Elsa Arsic [00:45:19] So anyway, so we went back to the farm. We went back up in our room and stayed we were, sleeping up. They were down and we was sleeping up. And then the next day, really Saturday, my mom came with this new lady where she was going to be a housekeeper. She came with the car and they picked us up. Well, we just really had a suitcase. I mean, maybe two, two, three suitcase. Picked us up. And then we went to the East Side there on Lakeshore Boulevard. I think it was a 147 or something, Lakeshore Boulevard off of lakeshore. And we could live upstairs they had a apartment up, we could live. And my mom was down the housekeeper, and then my sister could go to the Lutheran school with the bus. She had to go I think there was a Lutheran school, on 152nd or something, with the bus a little bit. And I had to look for work. So I looked for work and then I found a job. It was called Cleveland Overall Company and it was on Paine and East 24th Street.
Hannah Donaldson [00:46:38] And what year was this?
Elsa Arsic [00:46:40] Paine and East 24th. And there was a big building. And what we did, it was a sewing. On a machine, sewing. And they did those big jumpsuits like overalls, you know, that the gas station people they, it's all one piece.
Hannah Donaldson [00:47:00] Yeah.
[00:47:01] Those kind of suits we were sewing. And then, so I was there like seven weeks sewing. My mom was the housekeeper. My sister went to school there. And then how we were at that Lutheran office, Lutheran church office that was on Lorain someplace was the office at that time. And, so they were saying that there is a factory in Strongsville, that they just built new, new factory and that they were hiring people and the manager was German and they hired German. It was called Hertner Electric H, E, R, T, N, E, R electric on Strongsville, it goes on Westwood Drive. So, to Strongsville, you needed a car. The busses that didn't go with in time to be at work and all that, you know, so then we went again to this Lutheran church office and the pastor wrote a nice letter to this manager of this thing and was his name was Fred Helwig. H, E, L, W, I, G Fred Helwing. And he wrote a nice letter. Here is a widow with two kids and please give them work. They need to help, blah, blah, blah. So with this letter, we went, we went to and, and actually Gilda is the lady that helped us from the farm Gilda and Johnny. So, Gilda and Johnny, they took us again to to Hertner Electric and we talked with the guy there and gave him the letter and all, and he hired me and my mom right away.
Hannah Donaldson [00:49:10] Wow. And what year was this?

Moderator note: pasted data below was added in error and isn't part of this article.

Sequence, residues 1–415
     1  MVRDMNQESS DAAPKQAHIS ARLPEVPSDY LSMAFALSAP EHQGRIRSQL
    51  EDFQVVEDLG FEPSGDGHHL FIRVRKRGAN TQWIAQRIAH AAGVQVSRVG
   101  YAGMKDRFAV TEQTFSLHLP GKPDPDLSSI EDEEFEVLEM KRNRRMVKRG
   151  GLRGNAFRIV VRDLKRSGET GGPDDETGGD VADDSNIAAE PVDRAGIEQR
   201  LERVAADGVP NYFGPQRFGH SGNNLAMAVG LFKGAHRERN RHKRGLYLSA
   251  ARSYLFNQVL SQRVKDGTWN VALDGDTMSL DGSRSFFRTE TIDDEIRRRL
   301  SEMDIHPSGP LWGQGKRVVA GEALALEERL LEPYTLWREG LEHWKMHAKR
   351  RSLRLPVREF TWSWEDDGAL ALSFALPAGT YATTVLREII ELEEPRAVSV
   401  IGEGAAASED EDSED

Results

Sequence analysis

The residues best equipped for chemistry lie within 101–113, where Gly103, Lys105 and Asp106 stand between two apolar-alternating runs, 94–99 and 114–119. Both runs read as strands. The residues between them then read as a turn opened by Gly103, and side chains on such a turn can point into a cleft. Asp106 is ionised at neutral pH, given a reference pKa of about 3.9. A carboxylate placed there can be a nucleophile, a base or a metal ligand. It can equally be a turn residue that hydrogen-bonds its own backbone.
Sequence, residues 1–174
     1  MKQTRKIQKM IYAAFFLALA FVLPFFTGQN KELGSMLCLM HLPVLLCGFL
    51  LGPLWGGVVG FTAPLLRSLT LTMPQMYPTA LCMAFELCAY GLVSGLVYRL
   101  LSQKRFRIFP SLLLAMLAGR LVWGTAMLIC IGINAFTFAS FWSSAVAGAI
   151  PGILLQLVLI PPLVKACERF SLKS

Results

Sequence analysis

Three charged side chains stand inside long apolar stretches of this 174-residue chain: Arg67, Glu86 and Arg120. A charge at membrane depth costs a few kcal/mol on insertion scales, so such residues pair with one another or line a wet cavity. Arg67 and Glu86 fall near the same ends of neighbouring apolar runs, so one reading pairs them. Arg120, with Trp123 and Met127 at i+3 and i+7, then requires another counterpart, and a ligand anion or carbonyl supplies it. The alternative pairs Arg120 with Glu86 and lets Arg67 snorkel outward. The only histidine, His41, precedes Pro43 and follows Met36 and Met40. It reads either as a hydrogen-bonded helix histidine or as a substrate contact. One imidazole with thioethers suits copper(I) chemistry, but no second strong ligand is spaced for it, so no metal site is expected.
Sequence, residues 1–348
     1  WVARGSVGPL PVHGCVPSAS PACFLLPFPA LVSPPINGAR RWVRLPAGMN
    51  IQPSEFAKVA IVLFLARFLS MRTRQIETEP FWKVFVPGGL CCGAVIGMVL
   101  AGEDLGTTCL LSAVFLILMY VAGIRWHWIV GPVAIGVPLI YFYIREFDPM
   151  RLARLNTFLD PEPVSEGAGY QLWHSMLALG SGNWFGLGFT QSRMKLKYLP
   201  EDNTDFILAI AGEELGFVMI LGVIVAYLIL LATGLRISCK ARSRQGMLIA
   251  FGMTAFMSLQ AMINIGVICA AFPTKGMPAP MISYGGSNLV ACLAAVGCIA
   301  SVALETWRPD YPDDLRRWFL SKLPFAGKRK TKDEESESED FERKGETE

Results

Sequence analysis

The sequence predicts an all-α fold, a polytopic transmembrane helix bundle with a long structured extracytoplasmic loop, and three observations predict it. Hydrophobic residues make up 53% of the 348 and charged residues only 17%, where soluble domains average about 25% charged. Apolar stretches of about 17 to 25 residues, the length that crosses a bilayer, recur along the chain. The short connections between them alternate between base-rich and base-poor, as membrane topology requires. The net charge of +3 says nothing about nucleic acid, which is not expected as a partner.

Elsa Arsic [00:49:12] That was in October of 1956. So then we were already there with the farm done and we were already on the east side a couple of weeks there on Lakeshore Boulevard. And then we moved from the east side from Lakeshore, we moved to the west of Clark and 48. And we lived there, Clark 48. And we could find we could have a ride that Fred, that from Hertner Electric, the boss there. He connected us with people who were driving from Lorain Avenue so we could we had to walk, like from Clark, we used to walk 54th street over to Lorain and we could catch a ride there to go to Strongsville. And there we made kind of good money and was mostly was lot of Germans. That wasn't a factory they used to be in in Bedford already. And they had just built this new factory in Strongsville out. And so there was still a couple of old workers from Bedford there, but mostly was all German immigrants. They just came off the boat and just came there. And that Fred was really good to all of us. And they took me right away because I was already for, with the electric in, in Germany with Siemens and they took my mom, too. And so it was I mean, it was good right away. And we made good money. In just like for instance, I sold the coats, the overalls. I used to get seventy five cents. That was that time the thing. And I worked there for a couple of weeks. I don't know how long, well probably from Labor Day till October, maybe again seven weeks. I don't know. And Gilda the one who helped us to the farm. She used to say go in the office Eisenhower just made the law, you you're supposed to get a dollar an hour. He made, he increased like the minimum wage. Yeah. Go when you can't talk. Right. Go. So anyway, I remember my whole check used to be twenty four dollars. I worked all week plus Saturday, half a day. By the Cleveland Overall Company used to be twenty four dollar.